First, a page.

Lessons From Walking After Dark

A key part of our nightly routine around here is to take walks together at night — me, the kids and Fernando, all of us.

Fernando’s a big boy who loves his walks, so his need for exercise is reason enough to hit the pavement after the sun goes down. But it didn’t start out that way.

A couple years ago, Mia and Ezra were having a tough time getting to sleep on school nights. No one quite knows why — I’ve had trouble getting to sleep at night for 20 years and I still don’t know why — but after all the traditional counting sheep/count to 100/clear your mind business failed miserably, I decided to try walking before bed.

We’d walk, and walk, and walk some more. At least one mile, but sometimes up to three. Drawing on my own sleep struggles as a younger man, I knew there was one thing that could consistently topple insomnia, and that was exhaustion.

It worked. Walking a couple miles directly before bed now puts everybody to sleep very quickly. Sometimes even me!

Along the way, our night walks have yielded a good bit of life learning, sprinkled across various topics, for the kids. Among them:

a) Directly across the street from the windows of the county jail, family members of incarcerated folks will write large messages on the sidewalks below in colored chalk to communicate with their loved ones. These messages range in tone from “We love and miss you Daddy!” all the way down to “GET YOUR FUCKING SHIT TOGETHER, JAYDEN!”

b) Those same windows are open at night when it’s warm, and a lot of inmates assemble there for a glimpse of life on the outside and to yell at people like us walking by. When you wave and smile at them, they stop yelling for a second. Then they pretty much resume yelling right away.

c) Drunk people looooooooove Fernando. Sober people do, too, but as a general rule, the drunker you are, the more likely you are to want to repeatedly and loudly tell him that he’s the world’s most beautiful animal.

d) Speaking of Fernando: You know all those statues of former U.S. presidents in downtown Rapid City? As far as he’s concerned, each is a big, fat, juicy, red fire hydrant. Every single one.

e) We live about a two-minute walk from the federal courthouse and a 10-minute walk from the county courthouse. The kids wondered, why is the county courthouse so much bigger than the federal courthouse? Shouldn’t it be the opposite? I explained that while the federal courthouse is small and quiet and unassuming, it’s the one you really want to avoid. Every defendant in there is facing the full prosecutorial resources of the United States government, which is way scarier than anything that goes on in county. I was an expert witness there once, and accidentally forgot to remove the credit card knife from my wallet. That cost me a 15-minute detour into the US Marshals office, which, while cordial, almost certainly got my name onto a list from which it will never be removed.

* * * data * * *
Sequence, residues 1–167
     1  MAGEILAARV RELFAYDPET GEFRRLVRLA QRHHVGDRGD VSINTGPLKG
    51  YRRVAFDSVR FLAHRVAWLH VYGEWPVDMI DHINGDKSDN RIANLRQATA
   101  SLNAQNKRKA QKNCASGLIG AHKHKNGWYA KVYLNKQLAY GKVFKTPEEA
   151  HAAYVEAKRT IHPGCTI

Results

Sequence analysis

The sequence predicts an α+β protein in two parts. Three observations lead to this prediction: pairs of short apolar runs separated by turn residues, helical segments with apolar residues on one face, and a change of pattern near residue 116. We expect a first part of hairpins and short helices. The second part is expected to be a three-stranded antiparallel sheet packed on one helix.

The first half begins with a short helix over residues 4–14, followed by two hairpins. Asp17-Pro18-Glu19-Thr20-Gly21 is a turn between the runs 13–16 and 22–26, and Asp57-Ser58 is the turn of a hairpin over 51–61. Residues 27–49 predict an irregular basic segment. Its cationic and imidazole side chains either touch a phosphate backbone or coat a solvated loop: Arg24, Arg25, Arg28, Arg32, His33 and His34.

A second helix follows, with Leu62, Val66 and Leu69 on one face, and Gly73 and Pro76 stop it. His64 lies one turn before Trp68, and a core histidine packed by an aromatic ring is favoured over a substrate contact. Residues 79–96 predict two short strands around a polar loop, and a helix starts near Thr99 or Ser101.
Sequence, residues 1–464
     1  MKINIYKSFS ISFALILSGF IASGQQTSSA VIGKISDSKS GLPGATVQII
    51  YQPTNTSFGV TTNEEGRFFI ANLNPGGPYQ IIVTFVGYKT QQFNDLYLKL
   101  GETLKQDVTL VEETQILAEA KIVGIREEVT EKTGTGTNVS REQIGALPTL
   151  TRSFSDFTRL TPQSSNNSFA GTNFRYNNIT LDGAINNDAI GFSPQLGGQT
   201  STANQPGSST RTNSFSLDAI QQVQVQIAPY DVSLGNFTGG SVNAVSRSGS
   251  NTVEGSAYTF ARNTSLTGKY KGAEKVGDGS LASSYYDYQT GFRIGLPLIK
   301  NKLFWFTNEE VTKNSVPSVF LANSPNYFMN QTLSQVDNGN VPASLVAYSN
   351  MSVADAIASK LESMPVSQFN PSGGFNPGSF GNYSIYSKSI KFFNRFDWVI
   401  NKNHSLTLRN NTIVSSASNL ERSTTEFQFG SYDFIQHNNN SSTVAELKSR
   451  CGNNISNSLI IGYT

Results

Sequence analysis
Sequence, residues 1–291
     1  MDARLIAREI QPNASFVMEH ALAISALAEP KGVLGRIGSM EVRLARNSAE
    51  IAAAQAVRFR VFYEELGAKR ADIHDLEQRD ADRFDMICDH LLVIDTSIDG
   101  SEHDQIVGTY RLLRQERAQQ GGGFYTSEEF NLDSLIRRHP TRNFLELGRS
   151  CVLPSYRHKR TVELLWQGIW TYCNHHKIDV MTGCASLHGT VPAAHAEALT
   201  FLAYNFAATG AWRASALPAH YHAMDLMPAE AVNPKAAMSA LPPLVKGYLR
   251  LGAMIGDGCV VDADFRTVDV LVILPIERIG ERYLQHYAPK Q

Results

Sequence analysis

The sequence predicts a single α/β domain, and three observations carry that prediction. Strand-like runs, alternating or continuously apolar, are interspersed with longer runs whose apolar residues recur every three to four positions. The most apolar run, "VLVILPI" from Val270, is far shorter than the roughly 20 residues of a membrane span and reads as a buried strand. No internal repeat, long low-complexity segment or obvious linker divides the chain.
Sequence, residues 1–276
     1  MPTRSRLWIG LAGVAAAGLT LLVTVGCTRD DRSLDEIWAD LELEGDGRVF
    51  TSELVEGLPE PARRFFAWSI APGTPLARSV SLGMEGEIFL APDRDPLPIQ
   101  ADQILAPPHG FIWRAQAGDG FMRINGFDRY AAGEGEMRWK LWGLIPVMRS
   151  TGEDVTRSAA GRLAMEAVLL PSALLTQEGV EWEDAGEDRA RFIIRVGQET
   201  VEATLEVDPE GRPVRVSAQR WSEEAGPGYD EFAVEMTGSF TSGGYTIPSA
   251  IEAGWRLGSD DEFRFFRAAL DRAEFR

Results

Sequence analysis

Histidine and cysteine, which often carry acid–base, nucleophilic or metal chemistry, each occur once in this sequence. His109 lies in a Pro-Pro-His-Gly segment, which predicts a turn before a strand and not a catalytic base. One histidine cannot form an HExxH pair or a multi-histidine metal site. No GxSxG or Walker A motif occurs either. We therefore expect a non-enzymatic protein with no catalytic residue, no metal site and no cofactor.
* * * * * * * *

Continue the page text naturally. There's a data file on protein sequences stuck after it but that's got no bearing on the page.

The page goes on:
f) At least two downtown restaurants (Botticelli and Wine Cellar) put out a bowl of water for dogs passing by. Fernando approves.

g) If you’re trying to drop a touch of weight off your frame, night walking is a steady and stealth way to do it. When Mia and Ezra are dropping weight for a jiu-jitsu tournament, our walks get longer, and each one burns a fraction of a pound. String those together for a few weeks, and you’ve dropped a few without breaking a sweat.

h) Occasionally you’ll pass by a very loud anti-fascism punk benefit concert at the vinyl store, and they’ll let your kids in for free.

These are just the ones that come off the top of my head. As we get into the summer walking season with later bedtimes and no need to rise at the crack of dawn, I’ll add new discoveries.

Happy strolling!

One Comment

  1. Anonymous
    June 1, 2017

    When I was into walking I found that as I began my walk my mind was full of noisy chatter but by the time my walk was completed my mind was calm and quiet. I became addicted to walking. It became my zen. I definitely had no trouble falling asleep back in those days.

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